Do you face formal sex offender status after being charged with a sex crime? If so, sex offender registration is serious and can impact where you live, where you work — even if you work. So you may wonder: Once a sex offender, always a sex offender?
Our answer to you is: Maybe not.
Though some sex crime punishments in Texas call for lifelong registration as a sex offender, others do not. Sex offender registration instead may last for 10 years. Or, you may be able to avoid registering as a sex offender thanks to what’s known as “individual risk assessment.”
This process involves a state court examining your criminal record to judge whether or not you’re likely to commit a sex crime again and remain a danger to the public.
Article 62.403, Chapter 2 of the Texas Code of Criminal Procedure holds that an individual risk assessment can be gained after filing a motion with the trial court. In cases where the motion is granted and the risk is assessed, early termination of sex offender registration can be achieved.
Otherwise, Chapter 62 of the Texas Code of Criminal Procedure, which outlines the Texas Sex Offender Registration Program, requires sex offenders to register with their local law enforcement. Their name, address, photo and the nature of their sex offense then all become public record.
If you fail to comply with sex offender registration rules, your probation can be revoked, a warrant for your arrest can be issued and new charges can be filed.
If you do comply, how long will it last?
For an adult sex offender — someone 17 or older in Texas — sex offender registration lasts for life or for 10 years. The 10-year period doesn’t start until after any prison time has been served, or after the offender is discharged from parole, state supervision or community supervision.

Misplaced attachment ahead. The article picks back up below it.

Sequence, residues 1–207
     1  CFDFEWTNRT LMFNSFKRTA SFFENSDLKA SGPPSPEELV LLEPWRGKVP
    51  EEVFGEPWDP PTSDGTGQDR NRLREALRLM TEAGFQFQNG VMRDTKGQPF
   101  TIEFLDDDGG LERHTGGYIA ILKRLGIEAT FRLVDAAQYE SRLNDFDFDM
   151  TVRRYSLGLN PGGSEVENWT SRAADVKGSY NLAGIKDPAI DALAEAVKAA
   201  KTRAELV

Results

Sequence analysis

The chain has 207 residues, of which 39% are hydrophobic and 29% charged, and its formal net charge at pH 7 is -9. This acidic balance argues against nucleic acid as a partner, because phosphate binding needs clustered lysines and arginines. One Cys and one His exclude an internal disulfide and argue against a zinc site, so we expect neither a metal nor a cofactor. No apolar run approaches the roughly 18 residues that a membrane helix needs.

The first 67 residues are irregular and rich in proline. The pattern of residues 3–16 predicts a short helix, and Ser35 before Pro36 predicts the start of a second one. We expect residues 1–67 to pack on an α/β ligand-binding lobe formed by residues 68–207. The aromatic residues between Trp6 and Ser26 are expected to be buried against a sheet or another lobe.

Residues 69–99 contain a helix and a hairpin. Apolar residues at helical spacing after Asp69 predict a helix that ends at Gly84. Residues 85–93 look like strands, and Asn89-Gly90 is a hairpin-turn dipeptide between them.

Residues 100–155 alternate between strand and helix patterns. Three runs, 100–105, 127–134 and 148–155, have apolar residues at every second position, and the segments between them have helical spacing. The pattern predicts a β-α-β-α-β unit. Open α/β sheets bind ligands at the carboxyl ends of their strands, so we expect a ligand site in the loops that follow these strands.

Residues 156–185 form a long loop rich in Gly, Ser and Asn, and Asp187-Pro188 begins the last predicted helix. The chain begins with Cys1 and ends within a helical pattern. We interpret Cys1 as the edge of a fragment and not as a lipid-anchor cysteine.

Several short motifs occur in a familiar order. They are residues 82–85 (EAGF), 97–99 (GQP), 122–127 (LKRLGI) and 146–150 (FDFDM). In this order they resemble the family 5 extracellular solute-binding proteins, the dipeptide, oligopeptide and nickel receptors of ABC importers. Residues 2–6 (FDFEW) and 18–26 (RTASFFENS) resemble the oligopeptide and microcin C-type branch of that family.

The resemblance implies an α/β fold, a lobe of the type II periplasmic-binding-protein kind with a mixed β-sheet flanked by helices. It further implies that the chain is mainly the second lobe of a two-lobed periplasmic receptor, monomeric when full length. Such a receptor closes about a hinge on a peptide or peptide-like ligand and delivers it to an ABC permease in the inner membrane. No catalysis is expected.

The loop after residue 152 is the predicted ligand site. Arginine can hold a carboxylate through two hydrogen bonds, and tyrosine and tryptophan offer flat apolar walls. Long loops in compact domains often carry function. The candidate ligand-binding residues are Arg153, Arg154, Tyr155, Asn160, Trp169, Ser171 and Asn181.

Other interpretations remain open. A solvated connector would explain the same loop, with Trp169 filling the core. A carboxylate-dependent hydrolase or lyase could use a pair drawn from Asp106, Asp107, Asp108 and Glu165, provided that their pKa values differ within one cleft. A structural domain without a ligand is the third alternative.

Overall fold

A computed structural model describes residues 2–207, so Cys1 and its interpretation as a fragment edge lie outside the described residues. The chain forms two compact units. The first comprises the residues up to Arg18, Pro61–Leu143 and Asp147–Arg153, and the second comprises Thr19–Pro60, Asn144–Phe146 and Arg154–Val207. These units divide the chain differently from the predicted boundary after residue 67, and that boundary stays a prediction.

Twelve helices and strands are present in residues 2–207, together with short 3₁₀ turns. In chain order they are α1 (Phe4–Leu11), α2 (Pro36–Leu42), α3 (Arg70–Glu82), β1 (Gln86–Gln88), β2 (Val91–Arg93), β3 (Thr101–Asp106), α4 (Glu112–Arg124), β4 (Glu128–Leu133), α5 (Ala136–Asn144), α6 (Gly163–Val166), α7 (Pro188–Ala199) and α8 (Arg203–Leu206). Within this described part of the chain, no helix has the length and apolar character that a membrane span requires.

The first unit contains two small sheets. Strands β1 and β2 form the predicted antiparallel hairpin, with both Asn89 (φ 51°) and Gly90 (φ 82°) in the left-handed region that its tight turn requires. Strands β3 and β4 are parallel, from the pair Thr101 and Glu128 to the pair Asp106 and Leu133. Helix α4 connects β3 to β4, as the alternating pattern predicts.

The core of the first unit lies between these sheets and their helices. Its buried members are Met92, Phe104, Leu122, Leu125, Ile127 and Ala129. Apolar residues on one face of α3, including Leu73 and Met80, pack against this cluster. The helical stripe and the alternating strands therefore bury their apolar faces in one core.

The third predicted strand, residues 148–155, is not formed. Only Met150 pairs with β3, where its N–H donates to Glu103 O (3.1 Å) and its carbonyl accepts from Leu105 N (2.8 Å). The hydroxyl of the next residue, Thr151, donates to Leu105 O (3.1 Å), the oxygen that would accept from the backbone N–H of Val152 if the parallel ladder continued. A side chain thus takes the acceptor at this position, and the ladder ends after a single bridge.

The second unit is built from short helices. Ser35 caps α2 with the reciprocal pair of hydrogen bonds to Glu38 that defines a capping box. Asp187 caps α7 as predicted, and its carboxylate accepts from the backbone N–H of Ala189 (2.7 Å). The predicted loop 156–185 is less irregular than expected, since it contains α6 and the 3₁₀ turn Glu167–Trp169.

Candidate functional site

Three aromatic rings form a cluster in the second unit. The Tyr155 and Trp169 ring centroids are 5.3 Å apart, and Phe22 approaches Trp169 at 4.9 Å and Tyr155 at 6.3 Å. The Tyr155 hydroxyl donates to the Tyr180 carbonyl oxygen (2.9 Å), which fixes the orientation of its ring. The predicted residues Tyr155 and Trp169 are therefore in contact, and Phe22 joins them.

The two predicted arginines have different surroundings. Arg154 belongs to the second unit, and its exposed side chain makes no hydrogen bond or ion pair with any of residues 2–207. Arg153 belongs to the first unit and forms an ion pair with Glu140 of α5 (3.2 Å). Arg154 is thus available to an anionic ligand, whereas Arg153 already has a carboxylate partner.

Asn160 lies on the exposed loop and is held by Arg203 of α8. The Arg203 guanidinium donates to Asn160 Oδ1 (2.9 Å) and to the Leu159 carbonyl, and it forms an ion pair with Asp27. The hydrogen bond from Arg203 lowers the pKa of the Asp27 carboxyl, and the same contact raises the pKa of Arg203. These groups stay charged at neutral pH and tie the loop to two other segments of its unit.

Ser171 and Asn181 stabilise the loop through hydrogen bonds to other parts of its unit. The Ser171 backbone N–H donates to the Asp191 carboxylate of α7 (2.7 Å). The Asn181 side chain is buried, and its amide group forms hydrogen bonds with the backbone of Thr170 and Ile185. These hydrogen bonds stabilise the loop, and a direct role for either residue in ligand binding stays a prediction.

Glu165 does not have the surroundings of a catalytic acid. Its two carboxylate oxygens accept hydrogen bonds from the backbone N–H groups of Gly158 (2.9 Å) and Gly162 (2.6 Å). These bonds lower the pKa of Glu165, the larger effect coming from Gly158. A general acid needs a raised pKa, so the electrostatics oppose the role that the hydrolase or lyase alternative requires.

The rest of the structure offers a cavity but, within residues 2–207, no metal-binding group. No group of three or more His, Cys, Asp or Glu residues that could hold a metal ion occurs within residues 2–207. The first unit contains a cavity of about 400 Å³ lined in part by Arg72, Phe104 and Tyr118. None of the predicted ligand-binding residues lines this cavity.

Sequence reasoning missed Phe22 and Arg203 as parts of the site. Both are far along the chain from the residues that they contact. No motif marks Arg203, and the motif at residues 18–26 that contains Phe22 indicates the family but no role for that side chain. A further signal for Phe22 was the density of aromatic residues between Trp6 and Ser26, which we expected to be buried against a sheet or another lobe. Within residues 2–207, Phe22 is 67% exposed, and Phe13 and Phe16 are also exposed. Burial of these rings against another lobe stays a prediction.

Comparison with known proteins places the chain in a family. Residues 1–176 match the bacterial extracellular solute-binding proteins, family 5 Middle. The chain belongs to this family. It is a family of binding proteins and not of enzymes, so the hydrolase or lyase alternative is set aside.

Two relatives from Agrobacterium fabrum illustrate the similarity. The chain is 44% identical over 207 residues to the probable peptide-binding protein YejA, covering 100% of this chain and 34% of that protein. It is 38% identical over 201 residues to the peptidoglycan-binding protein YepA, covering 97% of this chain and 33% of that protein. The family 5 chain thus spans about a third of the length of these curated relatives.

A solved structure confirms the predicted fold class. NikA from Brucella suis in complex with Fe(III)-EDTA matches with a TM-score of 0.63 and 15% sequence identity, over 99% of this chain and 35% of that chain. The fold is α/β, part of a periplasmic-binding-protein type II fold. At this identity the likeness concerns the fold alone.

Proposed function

Whether sex offender status lasts for 10 years or for life depends on the nature of the sex crime. If you’re convicted of a sex crime involving violence, a child or both, sex offender registration will last for life.
That’s Texas law when the offense is such things as sexual assault, aggravated sexual assault, sexual performance by a child, continuous sexual abuse of a child, indecency with a child by contact, trafficking of persons, compelling prostitution by a minor, possession or promotion of child pornography and indecency with a child by exposure.
On the other hand, you may have a 10-year registration as a sex offender, instead of lifetime, when the offense is such things as: indecent exposure second offense, indecency with a child, online solicitation of a minor, and prostitution if the solicited person is under 18.
Do juvenile sex offenders under 17 face the same sex offender registration? Not necessarily. They often are allowed to register as sex offenders for 10 years after disposition of their case or after completing terms of the disposition, whichever is later.
Yet even some juveniles are compelled to register as a sex offender for life, particularly when the nature of their crime would bring lifetime registration for an adult as well.
Another way to avoid having to register as a sex offender is to avoid being convicted of a sex crime charge. That may mean engaging an experienced Texas sex crime defense lawyer such as those at the Neal Davis Law Firm.
Contact us today for a confidential legal review of your case. We may be able to get your sex crime charge reduced or even dropped, as we have for other clients, who then avoided jail time and having to register as a sex offender.